JEFFERSON CITY, Mo. — The Senate Education Committee considered a bill that would designate and deal with “persistently failing schools” Tuesday afternoon.
SB 133, sponsored by Sen. Cindy O’Laughlin, would require the Department of Elementary and Secondary Education (DESE) to publish an annual list of schools performing in the bottom 5 percent of the state for more than 3 years on its website. Districts with schools falling on the bottom 5 percent for at least three years would be required to close and transfer students, partner with a nonprofit school operator to become a charter district, or reimburse other districts taking its transfer students.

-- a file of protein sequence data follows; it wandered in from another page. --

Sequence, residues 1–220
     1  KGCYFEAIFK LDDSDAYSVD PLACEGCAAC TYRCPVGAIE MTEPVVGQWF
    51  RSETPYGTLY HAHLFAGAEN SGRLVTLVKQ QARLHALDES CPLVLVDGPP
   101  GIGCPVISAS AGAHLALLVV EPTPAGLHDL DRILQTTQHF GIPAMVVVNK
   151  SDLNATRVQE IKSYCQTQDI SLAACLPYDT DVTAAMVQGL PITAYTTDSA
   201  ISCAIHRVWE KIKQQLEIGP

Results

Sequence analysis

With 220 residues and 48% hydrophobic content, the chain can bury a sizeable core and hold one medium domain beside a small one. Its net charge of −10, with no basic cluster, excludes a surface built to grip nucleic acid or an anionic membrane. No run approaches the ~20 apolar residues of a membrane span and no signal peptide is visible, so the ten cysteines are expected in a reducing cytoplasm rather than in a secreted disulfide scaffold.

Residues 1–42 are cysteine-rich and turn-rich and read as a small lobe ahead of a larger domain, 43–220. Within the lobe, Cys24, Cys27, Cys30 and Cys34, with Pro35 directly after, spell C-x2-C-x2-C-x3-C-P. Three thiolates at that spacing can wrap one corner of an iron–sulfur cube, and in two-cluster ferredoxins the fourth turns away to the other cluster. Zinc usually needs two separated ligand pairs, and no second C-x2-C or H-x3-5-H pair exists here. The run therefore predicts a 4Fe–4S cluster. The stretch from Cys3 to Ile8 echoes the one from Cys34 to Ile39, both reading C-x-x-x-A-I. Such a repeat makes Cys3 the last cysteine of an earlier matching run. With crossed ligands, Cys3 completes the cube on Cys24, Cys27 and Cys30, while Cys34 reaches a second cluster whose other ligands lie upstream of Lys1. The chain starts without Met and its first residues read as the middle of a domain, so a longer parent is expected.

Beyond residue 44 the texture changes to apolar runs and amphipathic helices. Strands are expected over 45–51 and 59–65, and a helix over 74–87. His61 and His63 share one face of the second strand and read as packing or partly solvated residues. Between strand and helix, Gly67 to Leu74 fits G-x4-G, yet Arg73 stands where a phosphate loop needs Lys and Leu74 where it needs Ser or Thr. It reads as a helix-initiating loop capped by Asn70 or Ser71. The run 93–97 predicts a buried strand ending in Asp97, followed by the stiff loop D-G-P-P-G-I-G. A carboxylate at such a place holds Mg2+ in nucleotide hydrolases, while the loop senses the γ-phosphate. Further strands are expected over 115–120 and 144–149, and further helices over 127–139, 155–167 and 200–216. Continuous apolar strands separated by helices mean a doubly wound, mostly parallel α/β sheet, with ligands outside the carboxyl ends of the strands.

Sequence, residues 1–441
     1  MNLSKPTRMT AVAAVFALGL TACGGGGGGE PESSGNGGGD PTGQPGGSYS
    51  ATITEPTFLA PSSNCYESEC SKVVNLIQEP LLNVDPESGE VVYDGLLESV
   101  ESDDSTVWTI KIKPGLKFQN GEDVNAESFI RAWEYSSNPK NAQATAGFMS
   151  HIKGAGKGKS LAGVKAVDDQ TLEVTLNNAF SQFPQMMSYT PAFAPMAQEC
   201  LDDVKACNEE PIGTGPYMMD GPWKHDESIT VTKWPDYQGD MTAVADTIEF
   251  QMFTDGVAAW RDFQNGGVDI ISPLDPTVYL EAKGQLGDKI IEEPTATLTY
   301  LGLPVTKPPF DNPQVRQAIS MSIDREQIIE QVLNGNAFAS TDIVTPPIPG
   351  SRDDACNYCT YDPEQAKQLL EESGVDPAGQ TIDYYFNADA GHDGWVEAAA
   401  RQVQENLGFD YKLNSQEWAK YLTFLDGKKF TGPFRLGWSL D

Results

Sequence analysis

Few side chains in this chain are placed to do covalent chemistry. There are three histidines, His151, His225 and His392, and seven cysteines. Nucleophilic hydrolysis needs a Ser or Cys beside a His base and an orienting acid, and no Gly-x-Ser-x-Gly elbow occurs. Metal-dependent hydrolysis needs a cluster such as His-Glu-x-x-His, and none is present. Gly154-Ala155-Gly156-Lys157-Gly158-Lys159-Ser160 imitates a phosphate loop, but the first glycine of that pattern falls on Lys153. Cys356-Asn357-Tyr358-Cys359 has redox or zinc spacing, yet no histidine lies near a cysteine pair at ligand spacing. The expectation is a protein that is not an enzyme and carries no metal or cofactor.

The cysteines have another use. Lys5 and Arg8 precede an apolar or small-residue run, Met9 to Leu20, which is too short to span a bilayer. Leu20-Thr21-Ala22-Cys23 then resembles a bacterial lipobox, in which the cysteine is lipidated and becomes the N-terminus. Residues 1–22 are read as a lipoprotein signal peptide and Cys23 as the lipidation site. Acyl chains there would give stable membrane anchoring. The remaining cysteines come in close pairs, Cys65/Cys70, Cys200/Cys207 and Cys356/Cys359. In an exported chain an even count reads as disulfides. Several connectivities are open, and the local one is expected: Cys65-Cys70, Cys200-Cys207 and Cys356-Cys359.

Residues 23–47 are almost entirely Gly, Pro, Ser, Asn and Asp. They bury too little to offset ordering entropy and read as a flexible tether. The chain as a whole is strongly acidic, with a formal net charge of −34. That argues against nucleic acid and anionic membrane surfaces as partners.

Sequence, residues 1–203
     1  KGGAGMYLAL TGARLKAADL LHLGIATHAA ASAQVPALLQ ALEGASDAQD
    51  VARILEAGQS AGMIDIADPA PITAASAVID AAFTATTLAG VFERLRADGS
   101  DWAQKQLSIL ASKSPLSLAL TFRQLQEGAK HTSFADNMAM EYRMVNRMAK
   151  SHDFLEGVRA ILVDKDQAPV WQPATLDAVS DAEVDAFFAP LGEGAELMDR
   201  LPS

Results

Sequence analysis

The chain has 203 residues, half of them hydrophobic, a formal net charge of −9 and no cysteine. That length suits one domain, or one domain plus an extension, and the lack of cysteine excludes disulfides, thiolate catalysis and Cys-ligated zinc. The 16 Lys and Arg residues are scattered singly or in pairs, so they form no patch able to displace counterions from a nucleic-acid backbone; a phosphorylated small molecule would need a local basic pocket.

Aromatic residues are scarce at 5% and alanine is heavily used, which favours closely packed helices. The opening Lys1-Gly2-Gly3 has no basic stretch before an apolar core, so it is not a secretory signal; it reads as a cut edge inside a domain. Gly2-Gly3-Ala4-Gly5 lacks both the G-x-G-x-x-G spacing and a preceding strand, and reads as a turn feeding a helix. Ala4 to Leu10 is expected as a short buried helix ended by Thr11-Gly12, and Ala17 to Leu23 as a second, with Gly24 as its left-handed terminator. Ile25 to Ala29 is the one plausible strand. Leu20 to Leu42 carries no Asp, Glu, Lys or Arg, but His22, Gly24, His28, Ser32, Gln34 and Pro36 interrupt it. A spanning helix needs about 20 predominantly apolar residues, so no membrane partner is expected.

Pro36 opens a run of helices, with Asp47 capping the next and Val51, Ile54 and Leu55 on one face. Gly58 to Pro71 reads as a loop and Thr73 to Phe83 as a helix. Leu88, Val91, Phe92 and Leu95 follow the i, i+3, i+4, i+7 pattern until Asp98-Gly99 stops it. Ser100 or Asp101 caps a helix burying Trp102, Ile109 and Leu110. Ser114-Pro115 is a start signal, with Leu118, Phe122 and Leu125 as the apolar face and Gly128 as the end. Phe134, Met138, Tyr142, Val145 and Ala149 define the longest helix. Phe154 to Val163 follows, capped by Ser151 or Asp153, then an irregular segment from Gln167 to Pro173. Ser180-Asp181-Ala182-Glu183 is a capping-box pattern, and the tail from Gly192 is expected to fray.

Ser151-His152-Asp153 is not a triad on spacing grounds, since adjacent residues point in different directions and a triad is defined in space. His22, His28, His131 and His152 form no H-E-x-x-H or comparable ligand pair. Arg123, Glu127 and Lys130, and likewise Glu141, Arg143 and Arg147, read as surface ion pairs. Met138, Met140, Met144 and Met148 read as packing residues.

“Federal law requires that every state identify the bottom 5 percent of their schools each year and create a plan to improve them,” O’Laughlin told the committee, which she chairs. “This is a less restrictive version of that successful law. … The federal government allows every state to determine how best to intervene in their schools that are failing.”
- While one witness spoke in favor, several witnesses testified against the bill, bringing up concerns about funding, learning standards, and the condition of schools with less funding and technology than others.
- “We often talk about the urban districts and how we can help them — I think this is really going to have an effect on not only the urban districts but in all these rural areas too,” lobbyist Ron Berry said on behalf of the American Federation of Teachers of Missouri.
- The committee did not hold executive session on the bill Tuesday.